Although it’s labeled as a concept car, this vehicle gives us serious hints as to what to expect from the production-ready second-gen Mirai. That’s because the car you’ll find in dealerships will be almost identical. The big news besides the new exterior design and the more refined interior is the Premium RWD Platform that replaces the old architecture. And yes, this means that the second-gen Mirai will drop the FWD layout in favor of a sportier RWD setup. Toyota also promises a 30 percent increase in driving range and increased hydrogen capacity.
2019 Toyota LQ Concept
Back in 2017, Toyota brought a quirky concept vehicle called the “Concept-i” at the Consumer Electronics Show in Las Vegas. Now, an evolution of that same concept will debut at the 2019 Tokyo Motor Show. It goes by the “LQ Concept,” and, among other nifty tricks, the LQ Concept is largely defined by a personal assistant called ‘Yui’, which, according to Toyota, is meant to “learn from the driver and deliver a personalized mobility experience.”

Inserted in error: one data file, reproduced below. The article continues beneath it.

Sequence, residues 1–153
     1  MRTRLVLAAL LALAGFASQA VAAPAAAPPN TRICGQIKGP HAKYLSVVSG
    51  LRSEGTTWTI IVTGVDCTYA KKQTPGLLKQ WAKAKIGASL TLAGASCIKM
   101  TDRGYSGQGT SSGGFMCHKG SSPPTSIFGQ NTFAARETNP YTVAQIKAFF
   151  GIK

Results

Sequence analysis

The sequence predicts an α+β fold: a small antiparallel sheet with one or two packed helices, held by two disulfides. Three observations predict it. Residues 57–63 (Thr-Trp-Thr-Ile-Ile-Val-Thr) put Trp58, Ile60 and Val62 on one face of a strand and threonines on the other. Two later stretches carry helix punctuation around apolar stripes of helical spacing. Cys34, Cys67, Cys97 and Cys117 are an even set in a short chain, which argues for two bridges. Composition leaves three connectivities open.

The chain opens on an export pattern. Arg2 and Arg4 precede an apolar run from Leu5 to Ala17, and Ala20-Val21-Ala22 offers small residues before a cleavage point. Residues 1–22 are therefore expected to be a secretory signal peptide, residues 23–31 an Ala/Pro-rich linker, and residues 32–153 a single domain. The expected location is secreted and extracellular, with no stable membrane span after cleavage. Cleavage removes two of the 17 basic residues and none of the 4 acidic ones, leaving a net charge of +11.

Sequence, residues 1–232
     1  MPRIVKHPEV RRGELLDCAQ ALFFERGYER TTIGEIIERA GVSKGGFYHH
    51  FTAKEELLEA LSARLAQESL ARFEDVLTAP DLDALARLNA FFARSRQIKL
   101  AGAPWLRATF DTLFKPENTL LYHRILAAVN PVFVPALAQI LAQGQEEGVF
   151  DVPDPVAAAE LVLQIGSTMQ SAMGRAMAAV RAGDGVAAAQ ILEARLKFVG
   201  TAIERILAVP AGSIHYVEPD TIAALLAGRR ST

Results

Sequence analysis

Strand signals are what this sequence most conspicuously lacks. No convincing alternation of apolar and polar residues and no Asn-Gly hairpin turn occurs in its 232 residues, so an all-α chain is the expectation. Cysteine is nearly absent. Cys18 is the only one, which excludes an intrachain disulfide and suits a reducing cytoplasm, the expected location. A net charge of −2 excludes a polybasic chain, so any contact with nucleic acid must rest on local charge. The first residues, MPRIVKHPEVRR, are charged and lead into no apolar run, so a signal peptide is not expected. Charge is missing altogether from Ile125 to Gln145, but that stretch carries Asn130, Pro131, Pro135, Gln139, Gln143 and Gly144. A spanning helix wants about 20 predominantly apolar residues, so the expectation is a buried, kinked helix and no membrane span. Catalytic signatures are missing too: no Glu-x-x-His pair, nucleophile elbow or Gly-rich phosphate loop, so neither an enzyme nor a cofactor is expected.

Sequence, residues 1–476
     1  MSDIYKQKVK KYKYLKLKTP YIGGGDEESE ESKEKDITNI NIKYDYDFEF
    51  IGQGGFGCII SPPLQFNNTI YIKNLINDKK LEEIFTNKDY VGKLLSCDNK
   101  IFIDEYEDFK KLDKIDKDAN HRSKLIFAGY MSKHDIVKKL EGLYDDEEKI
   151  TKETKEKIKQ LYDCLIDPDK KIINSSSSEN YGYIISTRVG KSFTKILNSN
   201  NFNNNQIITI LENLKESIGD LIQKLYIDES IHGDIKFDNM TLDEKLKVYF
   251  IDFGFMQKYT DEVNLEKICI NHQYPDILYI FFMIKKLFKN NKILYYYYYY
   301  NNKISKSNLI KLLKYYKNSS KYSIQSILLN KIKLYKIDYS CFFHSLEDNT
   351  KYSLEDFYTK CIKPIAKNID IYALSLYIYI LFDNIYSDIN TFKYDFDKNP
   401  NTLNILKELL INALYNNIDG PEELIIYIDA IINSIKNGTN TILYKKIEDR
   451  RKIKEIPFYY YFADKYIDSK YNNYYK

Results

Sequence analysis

In other words, the LQ Concept wants to be your friend, an unnerving thought given where these things could end up. Perceived concerns aside, the LQ Concept is a good example of Toyota’s eye towards a future where a connection between the driver and the car is of paramount importance. We’re going to learn more about the LQ Concept in Tokyo, but, for now, chalk this one up to another concept whose purpose remains years ahead of its time.
2019 Toyota Prius - Driven